If A Tree Falls In The Woods

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[The following is excerpted from my new book Don’t Think Of A Republican – How I Won A Republican Primary As A Lefty Progressive And You Can Too, which recounts the rhetoric and strategy of satirical candidate H.F. Valentine’s unprecedented 2022 primary run. See the whole book here.]

Excerpt from H.F. Valentine’s Interview with Jackie Philbin, 88.7 FM (local NPR affiliate)

Jackie Philbin: Mr. Valentine, you’ve been very critical of both Democrats and Republicans over the United States’ approach to handling Climate Change. What makes your approach better?

H.F. Valentine: Well, I don’t know if you can compare our approaches, because I don’t think we’re trying to solve the same problem. 

See, we have a race to cure cancer, not the symptoms of cancer. We have a race to cure Alzheimer’s, not the symptoms of Alzheimer’s. And yet here we are, in a race to cure Climate Change. Yet Climate Change is not the disease; it’s a symptom. And not only is it a symptom, it’s the last stage of symptoms. 

Maybe just maybe, before our Climate Change solution becomes a death lottery where the bodies are burnt for fuel, we’ll realize that we’re in a race to cure our minds from the diseased economic logic that puts profits over people, privatizes our commons, and sees our finite resources as an all you can eat buffet.

JP: So are you saying you don’t believe we should be taking measures to reduce greenhouse gases?

HFV: Of course I believe we should be reducing greenhouse gases. I believe we should go so far beyond what our current approach is that it makes the moon shot look like changing your light bulbs. And if you look at my policy proposals regarding Climate Change, you can see that.

What I’m saying is that Climate Change grew out of a set of circumstances. And we have to address those circumstances or else fifty years from now it’ll be something else we’re trying to figure out how to mitigate and/or adapt to.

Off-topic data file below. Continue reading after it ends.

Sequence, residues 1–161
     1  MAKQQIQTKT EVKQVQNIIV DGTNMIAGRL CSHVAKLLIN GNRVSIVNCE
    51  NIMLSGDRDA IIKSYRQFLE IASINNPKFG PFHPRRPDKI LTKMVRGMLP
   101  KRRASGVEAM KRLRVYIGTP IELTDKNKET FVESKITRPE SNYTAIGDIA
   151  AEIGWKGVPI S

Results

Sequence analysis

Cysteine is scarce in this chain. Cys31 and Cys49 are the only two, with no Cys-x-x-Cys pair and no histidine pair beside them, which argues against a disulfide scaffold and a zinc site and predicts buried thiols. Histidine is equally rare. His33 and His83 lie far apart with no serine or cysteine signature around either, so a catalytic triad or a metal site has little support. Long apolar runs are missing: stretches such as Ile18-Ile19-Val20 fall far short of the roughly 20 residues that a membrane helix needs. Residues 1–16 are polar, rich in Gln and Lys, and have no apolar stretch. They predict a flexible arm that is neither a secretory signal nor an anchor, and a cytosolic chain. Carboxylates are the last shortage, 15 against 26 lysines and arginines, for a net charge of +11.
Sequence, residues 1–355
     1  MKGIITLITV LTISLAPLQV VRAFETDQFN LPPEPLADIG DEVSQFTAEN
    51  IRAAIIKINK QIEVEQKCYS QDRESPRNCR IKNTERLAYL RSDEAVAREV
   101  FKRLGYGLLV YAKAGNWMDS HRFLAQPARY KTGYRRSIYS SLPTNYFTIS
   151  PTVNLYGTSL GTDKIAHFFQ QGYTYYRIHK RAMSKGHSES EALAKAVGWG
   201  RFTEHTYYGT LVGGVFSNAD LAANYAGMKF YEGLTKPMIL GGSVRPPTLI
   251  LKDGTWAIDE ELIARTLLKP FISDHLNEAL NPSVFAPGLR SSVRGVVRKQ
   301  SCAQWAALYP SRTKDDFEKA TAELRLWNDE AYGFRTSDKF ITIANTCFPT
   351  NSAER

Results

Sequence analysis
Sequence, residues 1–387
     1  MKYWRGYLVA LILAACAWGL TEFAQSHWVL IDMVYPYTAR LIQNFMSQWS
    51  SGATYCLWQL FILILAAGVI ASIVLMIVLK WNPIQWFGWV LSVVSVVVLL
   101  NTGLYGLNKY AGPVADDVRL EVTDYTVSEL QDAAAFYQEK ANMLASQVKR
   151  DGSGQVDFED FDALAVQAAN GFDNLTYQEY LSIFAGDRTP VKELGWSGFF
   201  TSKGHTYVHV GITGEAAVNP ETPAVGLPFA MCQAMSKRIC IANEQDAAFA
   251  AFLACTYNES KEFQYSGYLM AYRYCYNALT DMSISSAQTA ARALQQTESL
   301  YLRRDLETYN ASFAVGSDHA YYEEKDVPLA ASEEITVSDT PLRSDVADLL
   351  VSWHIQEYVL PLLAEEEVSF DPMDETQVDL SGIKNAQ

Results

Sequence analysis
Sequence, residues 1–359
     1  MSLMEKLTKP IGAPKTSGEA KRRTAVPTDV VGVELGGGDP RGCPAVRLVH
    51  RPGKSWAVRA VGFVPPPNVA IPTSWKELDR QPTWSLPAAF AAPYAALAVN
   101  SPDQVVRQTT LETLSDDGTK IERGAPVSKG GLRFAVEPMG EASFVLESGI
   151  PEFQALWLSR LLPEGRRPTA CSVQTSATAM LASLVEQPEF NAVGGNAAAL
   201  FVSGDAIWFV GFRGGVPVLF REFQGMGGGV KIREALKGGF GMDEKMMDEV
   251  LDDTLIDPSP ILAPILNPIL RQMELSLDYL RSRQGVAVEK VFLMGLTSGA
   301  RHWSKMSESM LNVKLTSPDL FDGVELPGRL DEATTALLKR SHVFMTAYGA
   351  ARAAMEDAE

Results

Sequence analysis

All these drug resistant bacteria didn’t come out of nowhere. The bees up and dying didn’t come out of nowhere. But we keep acting like Climate Change just came out of nowhere.

Denying where all these things come from is still a form of denial. It’s a denial that anything but the decay of civilization is going to result from our backwards-ass economic thinking. 

It’s the reason why all your colleagues in the media debated for years whether there was really a tree falling in the woods.

JP: But the polls show that Climate Change Denial is way down from where it was even a couple years ago.

HFV: And that’s a good thing. But the problem wasn’t just Climate Change Denial. It was the denial of what created it. It’s a denial about the greed that rots our economic practices.

It wasn’t just the batshit Climate Deniers asking, “If a tree falls in the woods and no one is there to hear it, are there really woods?” 

It was the rich mofos before them, asking, “If I’ve got a beaver farm in the middle of the woods, do I have enough money and connections to get the politicians and the media to pretend they don’t know why a tree fell?”

JP: So you would, as a Republican Representative, endorse the Green New Deal?

HFV: Of course I would endorse it. Hell, I would personally go beyond the Green New Deal. But I also know that we won’t get either until we get money out of politics. Until we get money out of politics, we’re going to continue on with an economic system that promotes the belief that everything that makes this earth beautiful and habitable must become the sole property of either an individual or a corporation so they can chop it all up into little pieces and sell it back to us like they’re doing us some kind of favor.